Then a though came to me. I have had this thought for a long time since becoming a Christian. That is I wished my church would dance. I attended a Japanese Christian church when I first started following Christ and was sad at the lack of things that were Japanese such as the obon dance. I am still sad that we don’t do something like that and just dance. Don’t we who have the blessed hope have the most reason to – to dance?

I introduced Resisting Grace with this story of my daughter: “One particular Sunday when my daughter, Joelle, was three years old, we visited a church where I was a guest speaking that morning. As the worship leader started to play a song that Joelle was familiar with, she pulled me out into the aisle and proceeded to dance to the music, which she had done many times at our home church. Being a father who wants to encourage freedom in worship and bless her in her expressions, I proceeded to join her in the dance. Trust me, she looked cute, though I…well, I am not blessed with any dancing abilities. As the song progressed, she looked around and noticed everyone else around her in the pews. No one else was dancing. No one else was even moving—they were stiff as boards. Joelle paused. She became self-conscious, stopped dancing, and slowly returned to her pew. She no longer danced. She simply fit in and did what everyone else did—nothing at all. Sad to say, this is a part of the developing brokenness every child grows into in our fallen world.”

The LORD appeared to us in the past, saying: “I have loved you with an everlasting love; I have drawn you with loving-kindness. I will build you up again and you will be rebuilt, … Again you will take up your tambourines and go out to dance with the joyful.” (Jeremiah 31:3-4)

Let’s dance.


What is shame?

General (universal) shame
feelings of inadequacy
lack of self-containment (out of control)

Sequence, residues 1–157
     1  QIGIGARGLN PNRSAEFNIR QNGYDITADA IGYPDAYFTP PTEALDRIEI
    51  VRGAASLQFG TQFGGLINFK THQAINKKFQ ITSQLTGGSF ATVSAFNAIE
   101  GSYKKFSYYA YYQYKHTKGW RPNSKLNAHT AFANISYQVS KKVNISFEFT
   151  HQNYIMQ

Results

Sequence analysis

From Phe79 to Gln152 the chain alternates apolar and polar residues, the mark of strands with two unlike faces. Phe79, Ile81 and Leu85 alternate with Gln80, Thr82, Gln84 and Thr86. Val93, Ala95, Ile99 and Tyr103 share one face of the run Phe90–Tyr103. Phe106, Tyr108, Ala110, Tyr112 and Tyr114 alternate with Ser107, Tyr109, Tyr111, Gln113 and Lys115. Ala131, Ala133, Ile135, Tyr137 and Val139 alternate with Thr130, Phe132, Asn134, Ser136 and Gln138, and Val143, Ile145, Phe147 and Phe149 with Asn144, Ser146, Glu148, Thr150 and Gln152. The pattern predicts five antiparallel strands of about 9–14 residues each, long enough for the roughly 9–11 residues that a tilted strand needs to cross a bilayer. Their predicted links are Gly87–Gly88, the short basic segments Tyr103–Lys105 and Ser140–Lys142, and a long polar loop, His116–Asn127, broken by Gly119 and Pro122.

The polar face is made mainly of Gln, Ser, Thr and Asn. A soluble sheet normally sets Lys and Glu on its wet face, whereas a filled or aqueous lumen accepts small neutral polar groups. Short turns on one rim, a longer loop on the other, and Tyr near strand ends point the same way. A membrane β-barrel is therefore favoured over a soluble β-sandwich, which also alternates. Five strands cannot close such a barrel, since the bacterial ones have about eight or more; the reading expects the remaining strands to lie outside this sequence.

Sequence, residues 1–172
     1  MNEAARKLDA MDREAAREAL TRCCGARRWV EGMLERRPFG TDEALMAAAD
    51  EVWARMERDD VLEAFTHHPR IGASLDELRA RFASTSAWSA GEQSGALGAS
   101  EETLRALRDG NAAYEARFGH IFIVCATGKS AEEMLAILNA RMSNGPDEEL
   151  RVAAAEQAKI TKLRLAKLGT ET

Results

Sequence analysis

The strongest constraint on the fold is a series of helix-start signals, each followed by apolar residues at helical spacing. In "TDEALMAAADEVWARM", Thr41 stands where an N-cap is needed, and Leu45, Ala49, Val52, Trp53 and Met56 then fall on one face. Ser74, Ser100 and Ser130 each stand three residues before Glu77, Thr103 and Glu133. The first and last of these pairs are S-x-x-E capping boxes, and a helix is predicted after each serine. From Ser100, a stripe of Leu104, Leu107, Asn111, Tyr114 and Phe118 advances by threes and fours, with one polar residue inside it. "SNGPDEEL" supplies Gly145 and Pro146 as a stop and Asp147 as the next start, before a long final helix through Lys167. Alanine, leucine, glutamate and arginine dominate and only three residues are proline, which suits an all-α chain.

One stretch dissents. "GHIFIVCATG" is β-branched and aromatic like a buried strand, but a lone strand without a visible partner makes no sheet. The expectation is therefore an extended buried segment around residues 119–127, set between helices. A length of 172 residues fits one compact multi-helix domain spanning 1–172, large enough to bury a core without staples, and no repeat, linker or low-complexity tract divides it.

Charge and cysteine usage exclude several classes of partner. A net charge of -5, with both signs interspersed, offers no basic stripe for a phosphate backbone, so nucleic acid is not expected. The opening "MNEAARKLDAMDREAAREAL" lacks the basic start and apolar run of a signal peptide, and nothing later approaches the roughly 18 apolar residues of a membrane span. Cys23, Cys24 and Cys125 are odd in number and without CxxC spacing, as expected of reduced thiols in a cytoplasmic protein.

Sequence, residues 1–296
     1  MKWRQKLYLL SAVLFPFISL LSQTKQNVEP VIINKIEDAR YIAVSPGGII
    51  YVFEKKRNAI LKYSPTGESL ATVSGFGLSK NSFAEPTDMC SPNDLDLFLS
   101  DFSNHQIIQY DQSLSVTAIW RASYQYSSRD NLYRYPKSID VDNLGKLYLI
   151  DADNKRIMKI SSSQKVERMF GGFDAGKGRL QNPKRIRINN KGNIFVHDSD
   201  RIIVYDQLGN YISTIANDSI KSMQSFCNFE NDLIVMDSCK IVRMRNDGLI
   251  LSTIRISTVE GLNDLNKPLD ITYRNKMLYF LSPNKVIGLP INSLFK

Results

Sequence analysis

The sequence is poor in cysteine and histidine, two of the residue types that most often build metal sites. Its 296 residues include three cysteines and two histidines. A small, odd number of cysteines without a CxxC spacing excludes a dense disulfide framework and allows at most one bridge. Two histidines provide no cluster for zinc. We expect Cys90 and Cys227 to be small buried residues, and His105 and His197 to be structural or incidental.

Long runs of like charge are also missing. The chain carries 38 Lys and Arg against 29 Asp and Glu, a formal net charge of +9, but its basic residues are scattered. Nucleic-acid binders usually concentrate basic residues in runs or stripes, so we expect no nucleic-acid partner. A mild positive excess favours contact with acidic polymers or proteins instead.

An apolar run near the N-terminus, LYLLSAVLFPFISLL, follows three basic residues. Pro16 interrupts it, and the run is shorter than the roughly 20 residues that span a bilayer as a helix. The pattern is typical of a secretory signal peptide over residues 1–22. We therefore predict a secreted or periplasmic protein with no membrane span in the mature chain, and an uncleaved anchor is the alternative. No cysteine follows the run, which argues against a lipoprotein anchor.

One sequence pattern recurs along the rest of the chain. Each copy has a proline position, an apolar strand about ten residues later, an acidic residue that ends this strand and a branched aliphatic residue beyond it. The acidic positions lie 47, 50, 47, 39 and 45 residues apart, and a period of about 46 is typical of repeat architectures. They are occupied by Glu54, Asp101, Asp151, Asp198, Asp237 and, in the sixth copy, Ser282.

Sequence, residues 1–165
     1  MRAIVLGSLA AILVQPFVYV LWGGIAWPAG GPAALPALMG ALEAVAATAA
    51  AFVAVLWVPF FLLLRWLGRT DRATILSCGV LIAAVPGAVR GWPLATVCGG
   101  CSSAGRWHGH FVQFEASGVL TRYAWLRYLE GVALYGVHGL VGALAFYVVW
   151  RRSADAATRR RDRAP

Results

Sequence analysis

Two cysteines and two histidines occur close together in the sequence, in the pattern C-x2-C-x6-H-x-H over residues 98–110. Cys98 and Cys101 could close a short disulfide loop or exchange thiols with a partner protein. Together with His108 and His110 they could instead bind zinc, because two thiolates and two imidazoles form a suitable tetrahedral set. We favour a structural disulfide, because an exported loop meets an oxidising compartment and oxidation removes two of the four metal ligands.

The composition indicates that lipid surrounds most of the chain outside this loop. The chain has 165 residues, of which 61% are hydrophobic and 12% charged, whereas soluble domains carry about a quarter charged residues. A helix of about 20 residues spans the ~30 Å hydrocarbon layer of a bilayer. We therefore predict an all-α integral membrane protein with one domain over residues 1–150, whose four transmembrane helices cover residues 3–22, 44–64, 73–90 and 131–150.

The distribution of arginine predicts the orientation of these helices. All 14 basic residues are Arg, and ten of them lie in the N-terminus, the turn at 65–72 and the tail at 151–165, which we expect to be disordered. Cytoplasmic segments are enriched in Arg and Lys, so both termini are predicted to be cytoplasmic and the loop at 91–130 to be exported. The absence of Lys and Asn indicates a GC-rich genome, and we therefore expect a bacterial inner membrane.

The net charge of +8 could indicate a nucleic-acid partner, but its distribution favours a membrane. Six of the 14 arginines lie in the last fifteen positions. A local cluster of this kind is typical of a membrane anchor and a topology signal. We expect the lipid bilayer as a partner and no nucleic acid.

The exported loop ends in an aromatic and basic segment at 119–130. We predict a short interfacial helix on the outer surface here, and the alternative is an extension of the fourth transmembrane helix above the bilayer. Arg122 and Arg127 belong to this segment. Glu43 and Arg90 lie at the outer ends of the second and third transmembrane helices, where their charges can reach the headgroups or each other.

feeling of exposure
Empty and alone

Cultural-base shame
Losing face
Embarrassing another
displeasing family-significant others
not being sensitive toward another
falling short of obligation
losing control

guilt is relational rather than objective

guilt base culture (based on rules)
shame based culture (based on ralationship)

True shame= conviction
Jeremiah 6:14-15
Lack of shame=Losing the pain of doing harm to another
False shame- a susceptibility to other’s (including inner voices) accusations and blaming even when we haven’t done wrong

Asian Shame

I did this survey back in the early 90’s and wonder if you guys think it still pertains. Do you think Asian American men experience shame different than Asian American women? Do you think the first two categories are the main ways Asian American men experience shame as the study may indicate? Are those categories experiences you have? Which ones more than the other?
Thanks for any thoughts you would share

Four components of Internalized Shame

Feeling defective or not measuring up (Perfectionism)
Feeling embarrassed or exposed (or afraid of exposure)
Feeling empty and alone
Feeling out of control

Surveying 190 college students of various Asian American backgrounds and of various acculturation levels (first generation here to fifth), the shame scores were significantly higher among these Asian American students then with large sampling (300 Caucasian students). Also shame scores had no significant differences between the different cultures of the Asian American students nor a difference between the various generation of acculturation (first generation through fourth showed no differences). No differences between sexes, though I suspect different genders experience shame differently. Also the Asian American students scores were highest with the top two categories (not measuring up and fear of exposure) and lower than mainstream sampling in the bottom two categories (out of control and empty and alone).
The internalized shame experience of the Asian American students not only blew the scores of the general population but even outscored the medium scores of the sample taken from an inpatient sample pool.

From Jon Ido Warden (1993) “Issues of Internalized Shame in Asian Americans: Study of Asian American College Students” The Emerging Generation of Korean Americans, Kyung Hee University Press pp283-308